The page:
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North Carolina Newspapers

Charlotte messenger. volume (Charlotte, Mecklenburg Co., N.C.) 188?-18??, March 24, 1888, Image 2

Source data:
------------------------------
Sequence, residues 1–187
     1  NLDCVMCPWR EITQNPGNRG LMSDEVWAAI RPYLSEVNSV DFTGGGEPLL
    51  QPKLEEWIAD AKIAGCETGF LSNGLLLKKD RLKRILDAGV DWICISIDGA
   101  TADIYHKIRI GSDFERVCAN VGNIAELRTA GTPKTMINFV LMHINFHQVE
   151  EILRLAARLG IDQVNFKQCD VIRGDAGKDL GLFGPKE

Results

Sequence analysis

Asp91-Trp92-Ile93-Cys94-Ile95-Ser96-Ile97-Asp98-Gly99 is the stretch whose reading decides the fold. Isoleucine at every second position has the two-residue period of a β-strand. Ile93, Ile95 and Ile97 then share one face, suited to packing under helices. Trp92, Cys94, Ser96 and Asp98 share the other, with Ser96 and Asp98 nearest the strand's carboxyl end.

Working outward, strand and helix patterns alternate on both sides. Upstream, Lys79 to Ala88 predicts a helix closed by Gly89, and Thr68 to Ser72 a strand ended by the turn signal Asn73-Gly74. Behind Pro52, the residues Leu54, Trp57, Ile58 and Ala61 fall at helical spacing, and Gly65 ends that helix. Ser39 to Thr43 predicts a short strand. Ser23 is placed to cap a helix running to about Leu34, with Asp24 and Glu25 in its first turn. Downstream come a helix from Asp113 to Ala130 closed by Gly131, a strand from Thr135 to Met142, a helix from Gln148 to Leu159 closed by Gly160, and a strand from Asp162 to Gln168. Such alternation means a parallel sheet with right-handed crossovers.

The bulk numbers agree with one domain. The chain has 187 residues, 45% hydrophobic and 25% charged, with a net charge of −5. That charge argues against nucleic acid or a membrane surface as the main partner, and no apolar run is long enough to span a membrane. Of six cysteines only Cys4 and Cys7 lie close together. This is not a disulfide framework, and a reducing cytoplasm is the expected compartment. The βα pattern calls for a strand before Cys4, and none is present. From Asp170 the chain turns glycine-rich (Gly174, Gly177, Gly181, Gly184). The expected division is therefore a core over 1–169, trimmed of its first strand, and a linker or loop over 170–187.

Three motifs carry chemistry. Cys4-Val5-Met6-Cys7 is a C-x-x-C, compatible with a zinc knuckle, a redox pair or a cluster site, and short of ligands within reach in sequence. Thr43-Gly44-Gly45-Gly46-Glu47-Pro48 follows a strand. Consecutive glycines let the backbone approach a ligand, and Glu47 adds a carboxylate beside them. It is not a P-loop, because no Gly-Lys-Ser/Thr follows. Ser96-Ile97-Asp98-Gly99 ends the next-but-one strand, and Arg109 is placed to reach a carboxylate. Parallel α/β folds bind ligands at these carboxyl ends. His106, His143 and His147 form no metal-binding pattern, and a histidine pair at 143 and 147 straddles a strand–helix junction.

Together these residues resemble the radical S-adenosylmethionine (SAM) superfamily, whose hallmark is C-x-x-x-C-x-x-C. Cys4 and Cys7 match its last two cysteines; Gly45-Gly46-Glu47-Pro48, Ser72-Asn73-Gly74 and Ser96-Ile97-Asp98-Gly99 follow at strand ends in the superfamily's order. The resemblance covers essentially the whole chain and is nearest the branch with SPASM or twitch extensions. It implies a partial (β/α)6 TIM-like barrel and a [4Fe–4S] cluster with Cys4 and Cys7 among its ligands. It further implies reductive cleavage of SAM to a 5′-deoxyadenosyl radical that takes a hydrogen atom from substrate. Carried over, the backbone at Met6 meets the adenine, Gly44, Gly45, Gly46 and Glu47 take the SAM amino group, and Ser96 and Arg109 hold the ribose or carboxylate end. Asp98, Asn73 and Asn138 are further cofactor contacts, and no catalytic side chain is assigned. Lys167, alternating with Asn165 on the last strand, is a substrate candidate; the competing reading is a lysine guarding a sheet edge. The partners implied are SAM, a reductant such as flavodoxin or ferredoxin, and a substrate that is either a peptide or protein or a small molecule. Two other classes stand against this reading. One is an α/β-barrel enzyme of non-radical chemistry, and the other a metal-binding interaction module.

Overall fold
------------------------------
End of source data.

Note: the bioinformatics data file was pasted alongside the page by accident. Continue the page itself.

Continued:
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CHARLOHE MESSENGER. ryucM •T^;aKatf4r MT^cbrnnoM, v. i By W. d. Smith. OD«YMr....^..tl 8011 8 nonUu^../... 1 001S monttu.. 6 monthi.^.... 7S | Single Cop*. KotlQr ^ tt onoe of ell foilores of this paper to reach yau on time. All jBoo^ mint be aent bj ngiitered letter. ’ monejonler. or postal note to W. C. PIMITH. Charlotte. 5. C. Short comsfiondonoe of inbjects of interest to the public la aollcited but persona li(i (imiipnliilnl Ifrlirf fniltn nrr Ibe articloi in oor coluinna. We arc not rcapotudblc for the TieWB of correspondents, Anonymous comniunicationa go to the waste 4nakct, WHf ] J THEl- LEAVE! The question is. often asked: why do' the colored people lenfc the South ? The reason is not the ill treatment at the hands of the whites ; for while the treatment is cruel in some localities at times, it is not as bad as it was some y?arB ago. It is not bccansc they arc tired of their old homes and want to seek new ones: for oar people are as fond of Dixie and the sunny South as the whites arc. They leave the South because they arc paid such poor wages here and have such fine induce* menu offered them in the western cottnlry. Wo have always advised our people to remain in the South, for they are not only naturally adapted to this climate and the labor needed here, but destined to rule this section of , the country os soon os wc prepare oonelves to govern. But how can wc. continue to toll oor people to stick to the old plautatioD, ^ben the wages they get will not enable tbom to pay their debts and wear decent clothes, much less buy homes and educate their children ? In the west they offered such inducements os to hope to have a few dollars at the end of the year and bring their cbildreu up nnder freer ond more favorable eir* cumstanecs. It would be better for us and for our white friends if we staid here in tbo South. The colored people go west fur the same rcasop that for eigners come to America. They think they arc too thick to do well hero in the South. They think they can do belter by leaving, and while they think so. they arc justified in going. It is with the white people of the South to correct this erroneous idea, if it is an error. Thousands of colored people have gone from the Corolinos to the western States in the lost few years. Many fields arc growing up into forests again on ac count of the colored people leaving Many farms have become worthless because there is no one to cultivate the farm. There is a remedy. Let it he applied. Treat the Negro a man. Pay him living wages, stop forcing him to buy needless fertilisers and stop cheating him out of his c iags. Let Iiiiu sec the condition proving and he will be more honest an trusty. If he wants to buy land give him a fair chance. Kneonrage in him the elements that make men and women : Indu.stry, economy, mo rality, prudence and iotclligcncc. The colored people leave the South because they think the condition of some is but little better than slavery. If a man makes just enough to feed and clothe himself and family and works all the time for some one else, how is his condition better than a slave t They leave because they are anxious to better their condition and the propositions made them by west ern farmers arc tempting. Stop their going by paying better wages in cash and ftwer store orders. When theso things arc done the Negro will not want to go west or any place else, but will live and die in the Sunny South. Negroos ore making no vklble pro- grew, but there ore tbouauds and hnndreda of thouwodt of ebildren in oor eoBBODNseboob, oeaderoiea and legH. Million of acres of land b owned by the Negro in the Sonthem States, and the oondition of these Boat be improved. It ahnnld not be expected that every individnal Negi will be improved in morob. intelleet or otherwise The^ is an indolent class, and on account of tbo evils of slavery that class is expected to bo larger among colored than the white. That class of colored people will never be improved. Some of them ore worse than they were in slavery times. They have bnt little sense and their liberty mskea them mad. This is not peenlbr to the Negro race. Tbe way to SCO whether or uot the Negro is makir-ig advanoemont is,com pare the Negro of to-day with the Ne gro of 1805,1808-1870 and 1880. In 7805 they bad nothing. To-day, in North Carolina be poys taxes on six million dollars worth of property, os an evidence of his industry and econ omy. Wc have in this Stale twelve normal schools with an attendance of about thirteen hundred (1300) young ocn and women ; five colleges with an iltcndance of about six hundred. IVe have three schnob of theology and one of m(dioinc. Would any one dare soy these aehools ore not improv ing the Negro ? A higher standard of morals is bo developed in the home and' in the church. He buys pictures and books and newspapers. He loves music and we venture to say there ore' hundreds organs in tho homes of the colored people of this State. Wc have number of practicing physicians, aad bwycra and scores of learned preach ers and teachers. The man that not see the improvement in the Ne gro, is blindod with ignorance or prejudice. KCHOOL CLOSING IK BICHMOKU. WHIT ABB WE DOllTO. It u strange to see how bard it is to eonvinoe some people oflheability of the Negm to advance in tbe world. Some old fogy b trying to prove now that tho Negro is actually dying ont in tho Sonlb and that within a hundred yean the race will will be extiDot. The same parties deny tbe statistics of the Sbtes and shut them eyes against ail evidence of material odraDoement of the roee. We arc sometimes asked by intelligent colored men if we think the Negro b making any real odvaoee- mcot. Mr. Editor:—It was my pleasure to bo present, and witness tbe closing exercises of the Rocky Mount public school, which took place on the 0th inst. I may add that the exercises spoke well for tee principal, (J, W. Alman,) the son of Hon. J. C. Al- man, of Marlboro county, S. C. There was a very large asscroblagi for eatSbles it is almost in possible to make so cstimaU*. And during tho day classes were brought forward in tbe difiTercnt branches of study: Spelling Bee, Reading, Geog raphy, Grammar, History, Arithme tic, Ac., and the recitation in each branch was very good indeed. There were several of the pupils of the school that went even beyond ordi nary, and fully deserves credit, vis : Misses V'irginia Covington, Jnib Cov ington, Florence Dockery, -Nesllic Dockery, Mary A. Ellerbee, Csrrinna Linck, and Rosa Ingram. And the day posses by gently, and light db- appears, so lighted candles are sect in tbe school-room, and now tb grandest of all was tbe declamations, and dialogues that would make one feel good w.itbio and without to Ibten to And next especially the onci delivered by Mr. Jos. Gillb, and Miss Helen Covington. Visitors pres ent on thb occasion were Hons. W. H. Quick, J C. Alman, of Bcunetts- villc. 8. C.. and each of the above named gentlemen made very encour aging speeches, after exercises of tbe school were over. There snbjeots were colored race maintain a good eharae- ter, and buy land and get property. Before 1 close I will state that there are a good many subscribers to the Mxsra.v- Es in our vicinity, and still there onid be no tranblo in seonriog os many more. The Mbbsekoeb is ai- wsys oecepUblc with ns it U Rbb- mood eonnty's favorite. I am now taking and paying for three nowips- pen, and the most weleome one b the Messnota. A. W. CovisuToa. Rockit^tbaiB. V. C. March Uth. 1888. poses, and have ceiled the ehtueh, nd we are now making preperations to parohaae a bell and stove. My oAe^ ohnrehes arc moving- along nldy. On tk» 2Atb and 36th ef Feb.^ie presiding elder Rev. R. H. Simons was with ns at Benettsvillo church and we were pleased to see him look ing so well. We also hod e nice quar terly Conferenoa, bnainese all mitTsd along pleasantly, no lengthy discos- sions on any subject came up daring tbe session. We also recieved a very nice little sum of money on Ssturday and Sunday. The total amonnt col lected daring tbe elders stay with ns was ^6. I am pleased to ssy that paid onr presididg elder every cent dno him on hb fint round. So stations look out bow many can exclaim with Horrisville Cironit that yon have paid your presiding elder every cent due him on his first ronnd? Ho not only works after his salary or quarter age, bnt thinks of tbe pastor meantime, and docs ovyy thing that possibly can bo done in tbo pastor'i favor. The public schools are all closing ont now, after spending three months in school tbe children arc real Iona to continue going: but I b> chance ; the parents need their chil dren, BO they say, and we won’t ssy anything to them concerning a sub scription school. On tho 3d of March we were called out to witness closing cxercbcs of Mr. W. J. Side's school, which was uertainly grand. Tho exercises were excellent from tbo beginniug to tho ending. Opened at 11 A. M., and closed at 2 F. Afterwards the parents of tbe children came forward with their baskets and buckets laden with rich something eat. A long tabic was then appro priated for tbe occasion where all the children and visitors walked up laugh- iug and talking and eating the very riobeat kind of goodies and provisions that could be bad for tbo time of a yen After tt refreshment of an hour wo were called in where wc were enter tained by a lively spelling match After a bard contest between tho two Captains one of them came ont vie- toriouo. Then we were dismissed un til! night. After having an iutcrmiK- sion of an hour and a half or two wc were called together rfkrc we were entertained by spcecucs, dialogues, music and so on. Afterwords Bro. Sides came forward before a very ap- ^eciated and intelligent audience, and made use of some very interest ing remarks, saying wc tnog to see the day come when ignoranec, vice and superstition shall be done away, with, and tho refulgent rays of tho beautiful sunlight of cducatiou shall burst into the bcsrCs and minds of every boy aud girl in the United States, Stating that no belter way conid be thought of or reached, to give our boys nnd girls a common ucation than by the passage of Blair educational bill. Let us inr voices in prayer to God that we may have tbe bill passed for tbe benefit of our poor boys and girls. Then if Congress wilt not moke some provision for tbe poasage of the bill God will. I am yours in Christ, J. S. McRab ;'o(tnnviIl«. N. C.. Marrii 14(h, IBW. Tke Yendetu. CH17BCH AlTD HCHOOL WOBl. Mr: Editor:—PlooM allow me spoee enough in yonr volnable paper to iafom yoor BMay readers, aod the public whst we are doing ia this part of the eomtry: epiritaellj aad into-1 araeail. leeaally. 1 sb havlag a glorioae! ihot dowa bat Stoektoo caiae ent an- tiae over here 00 thU work. SiMelbart. Geataaoae we have goae to work and! If the "old gradge" eoald huva' Id some parts of Europe when fam ilies of high degree have a disagree ment is is called a vendetta. Id old times in Miseitsippi, when rich plant- era became angry with each other, il called a fued. In this communi ty, tbo disagroementH between ne groes and wbitgs is called "an old grudge.” A veodetU, a fued, or an 'old grudgo” cun only exist between individuals who aro on equality so cially, mentally and othcrarise. For some time there has been an old grudge” between Bill Stockton and a family of colored people nwied Moores. They met on oor sirccU lut Saturday and proceeded to set tle this “old gradge.” The Moores thought they were oe good as Stock- ton, aod the Stookton thought be woe Bc good oa the Moores. And they both were eorreet la their Mtiatate of each other. The Mootfie were nn- sTBod, while SteekloD UtM a walking Ooe of tbe Moores was been ^ end of H, hat other pertiee got involved. A rerenuo officer sp- **1, Ira^ishi^ a large, stoat in the |ke of Ac en^ oolorad pepala- tloDtAud cAer red^table whitw cit- isens took port to. keep the elever reveone officer from being hurt. In the meantime, tbe colored race be gan to osseBiblei and seeing one of their nassber lyiag.on the pavement bleeding like a bog. they became on- reged. While all this was going on tbe police were so anxious that they allowed him to coolly reload his pistol. Finally the riot cooled down from exbanalioD. The cootending parties were invited and coaxed to go to the magistratea office, and their trials were postponed until next S||arday. The United Slates Goverment was convenicutly near by to go Stock ton’s security. Tbe Negroes applied to all the magistrates in town for peace warrants for Stockton, and not a magistrate would issue the warrants. The result was thatBtock- ton was in town Monday inoming, aud had another "nigger" bleeding by early sonrisc. In the iotercst of our coiumnnity wo arc compelled to defend tbe ac tion of the magistrate in not issning peace warrants for Stockton. Wa vering our character for veroeity just a little, we assort that the magis trate did uot act from corrupt mo tives in not putting Stockton under a peace bond, but it was because they were afraid of him. | But the colored people don't rensuu like wc do. They say : "The police stood by and allowed him to shout us down, the magistrates refuse to make him keep the peace because they want him to shoot us down, the United States Oorerment goes his bond so be can bc free (o shoot down, nnd when the whole mat ter conics to the court, he can pull the Xoix/ninrl-out of bis pocket and show that tho Mayor, in sukuowl- edging the rcucipt of a Christmas bottle, bos given him a obaracter for being Q good an orderly citizen nnd bar-keeper. What arc wc to do? If we kill bin wc know from experience that wc will go to jail only long igh to allow his fricndA to pre pare the ropes to lynch us. The ]og- of circuinstauees has furced us to our last resources. We can vote him out of the township. He can't oything in this conimuDity but make and sell whisky, and he can only do that hecnusc tbo negro vote has given him the privilege. Wliil have always voted the liquor ticket, we arc compelled to vole iIk prohibition ticket to clear of .Stock- n, aud wc are going to do it.” The above is a true account of the prohibition movement set on foot town since last Munday morn- Tbo idea was not tbonghl of .'a’nrJay evening nor Sunday, anc 08 it was a full grown seutiincnt ear ly Monday incrniiig, it may bc possi ble that while the Almighty was here Sunday, He caught the devil movio{ around in the fout prints of the Rev Mr. Fcarson, and He concluded ti crush hiui —.Slalrtcillr Miiil. GRAND DISPLAY O s* 4F LADIES’ D^EBS MATERIALS, BtlOc.. iMe-. Uc., 9K., SSr. and np.'fn ISeT IhenewetfMiadea. SURAH SILK, tUtade*, at SB cents per ysnl. MOIREE SILK, | H Sbedes, at 68 cents per jsrd. I BUSTLES I I 35 cents each. These stand nnsurpend. I CORSETS S8 cents a pair. Parftet ftttinx. LADIES’ MUSLIN UNDER-WEAR, CHEMISE at 25 cents and up. DRAWERS at 25 cenu and up. CORSET COVERS at 25 cents and np. SHIRTS, fall long. 30 eenta and up. CORSET COVERS 25 cents and up. BRAND NEW STOCK^ Gentlemen’s Clothing has arrived. NO SHODDY GOODS. I AT-18 uents you buy- a man’s nnlaundricil IN THB I Drem Shirt, linen bononi, re-inromd lack HAPPY HIT SHIRT I and front and Patent SeaniR. H. BARUCH, Regulator of Low Prices, E. M. ANDREWS, Has the tersest and Moat Complele Stork of . In North Carolina. C^FINS & METALLIC CASES, t Pianos and Qrgans Chickertag Pianos, Arion Pianos, Bent Pianos, Mathushek Pianos, Mason & Hamlin Pianos. Mason & Hamlin Organs, Bat State Organs, Packard OrganiS, E. .\I. ANDREWS, : Trade Street, Charlotte, N. C. VIRGINIA HOUSE, CHARLOTTE. N. C. Accomroodsllnns fumislieil travelrrs at reoiionahle retoi. Coinforlable l•ed*■ and rooms. House located in Ibe central aud business pelt of the citv. Table fundshed with tlie best of the market, Minis at nil hoiin. J. M. GOODE. - PRtiPUlETOR. CHARLOTTE, *V. C. BOAllDING HOUSE. CONCORD. N. C. The irareliiis pnplic will be arcommodated with comfortable rooms and board. House situated on De|>ot street, in trout of the sem inary, near le|>o, and convenient toallviM- Ion. Terms reosoiuiblr. 3. E. JOHNtiON. edrjor CoMrA ie tho I (e mi aad Cbaapaat. I CATAR R H ■ims BMA STEEL PBIS TVIwii net far Mis hr teeal dMfan, wa wDl mP lilaadlng Mytas la ii beoMofi Mas a^, or racalpt ereS-M. «(rTiMSchaal>M4beM,IM.aad>. M-dt « - Si'ilaii! fatfabs.« » d—■ «»«h» ^ THE! — Messenger I is published every Saturday at CHARLOTTE, - - N. C., in the interests of the COLORED PEOPLE REPUBLICAN PARTY. It is the only Republican paper in the Western end of the sixth Congressional District. Subscription, $1.60 per year. W. C. Smith, Editor and Proprietor, Charlotte, N. C. SEND, YOUR ORDERS FOR of any and every deecriptien to R. B. BXjA-KETT